Guess What’s Back From the Grave? ‘Night of the Living Dead’

Glenn Kenny

10/27/2016 12:00:00 AM

When “Night of the Living Dead” opened in 1968, mostly in grindhouse theaters, Vincent Canby of The New York Times dismissed it in a three-sentence review as “a grainy little movie acted by what appear to be nonprofessional actors, who are besieged in a farmhouse by some other nonprofessional actors who stagger around, stiff-legged, pretending to be flesh-eating ghouls.” He said the filmmakers were “some people in Pittsburgh.”

As it happened, “Living Dead” followed a trajectory rare in American film: Partly fueled by other, more scandalized reviews (including one by a young Roger Ebert, in Reader’s Digest), it went on to cult success, and two years later was recognized as being sufficiently artful to be placed in the permanent collection of the Museum of Modern Art. Its influence, particularly on the now nearly ubiquitous subgenre of zombie horror (“The Walking Dead” on TV, and the movies “28 Days Later,” “World War Z” and “Shaun of the Dead”) is broadly recognized.

But the filmmakers themselves — the “people from Pittsburgh” who formed a company they called Image Ten to make the low-budget movie — have been able to gain from their groundbreaking work only in a limited way. The film’s original distributor, the Walter Reade Organization (named for its founder, a pioneer of art-house distribution), did not file for a new copyright after changing the title from the original “Night of the Flesh Eaters” to “Night of the Living Dead.” That meant the movie went into the public domain almost immediately. As was once the case with Frank Capra’s “It’s a Wonderful Life,” the movie has been subjected to many unofficial, though legal, iterations.

The paradox of the situation has not been lost on its director, George A. Romero. “The fact that people were able to show it for free, that anybody was able to distribute it, did result in lots of people seeing it, and keeping the film alive,” he said in a phone interview. But viewers were too often watching inferior versions. That will change — dramatically, the moviemakers hope — on Saturday, Nov. 5, when the Museum of Modern Art screens a new, and copyrightable, restoration of “Living Dead” as part of its annual restoration and preservation festival, “To Save and Project.”

Tony Pantanella, who worked on “Living Dead” special effects, rigging up a zombie buddy.CreditNight of the Living Dead LLC, via Image Ten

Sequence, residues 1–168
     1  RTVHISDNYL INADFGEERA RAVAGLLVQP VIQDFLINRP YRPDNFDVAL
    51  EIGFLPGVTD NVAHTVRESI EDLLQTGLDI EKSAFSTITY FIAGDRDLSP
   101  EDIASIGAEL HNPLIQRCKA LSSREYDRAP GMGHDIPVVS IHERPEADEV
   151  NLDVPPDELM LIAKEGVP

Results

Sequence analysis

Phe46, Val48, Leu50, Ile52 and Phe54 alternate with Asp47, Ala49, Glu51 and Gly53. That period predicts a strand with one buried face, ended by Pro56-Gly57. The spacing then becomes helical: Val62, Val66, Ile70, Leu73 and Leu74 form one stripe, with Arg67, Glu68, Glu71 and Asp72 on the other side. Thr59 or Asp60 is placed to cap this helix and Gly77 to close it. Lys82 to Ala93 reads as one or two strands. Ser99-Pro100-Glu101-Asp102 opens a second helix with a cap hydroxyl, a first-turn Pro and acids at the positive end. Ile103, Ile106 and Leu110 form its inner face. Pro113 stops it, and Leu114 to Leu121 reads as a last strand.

“We got our baby back,” Gary Streiner, one of the film’s producers, said in a phone interview.

The process, Mr. Streiner said, began in earnest last year, when he; his brother, Russ (who co-produced and also played Johnny in the movie); and the screenwriter John Russo resolved to make a proper inventory of the film’s surviving elements, going through their own archives and the archive of the lab that originally worked on the film.

They turned to MoMA for help, partly because of its history with the film and partly for a practical reason. “Our vaults are in Pennsylvania,” said Katie Trainor, the MoMA’s film collections manager. “Once they had the materials together, they did not want to risk shipping them; they drove them from Pittsburgh. They were literally looking over my shoulder as I was inspecting the materials.”

Mr. Streiner recalled his relief at finding the negative in decent shape: “We could have opened the cans and found dust!”

The restoration was backed by, among others, the Film Foundation, the preservation nonprofit started by the director Martin Scorsese. In an interview, its executive director, Margaret Bodde, said, “The movie had been on a wish list of ours for some time,” and it helped “that we had the director around to consult with, which is too rare in film restoration.”

Mr. Romero said that it had been years since he had seen the film presented in its proper aspect ratio, a squarelike 1.37 to 1; many versions had been cropped to wide-screen proportions. “The restoration is very beautiful, and of course the movie’s pimples do show,” he said. “There’s a copy of the script visible in one of the frames! I won’t tell where. It will be a little challenge for fans to spot it.”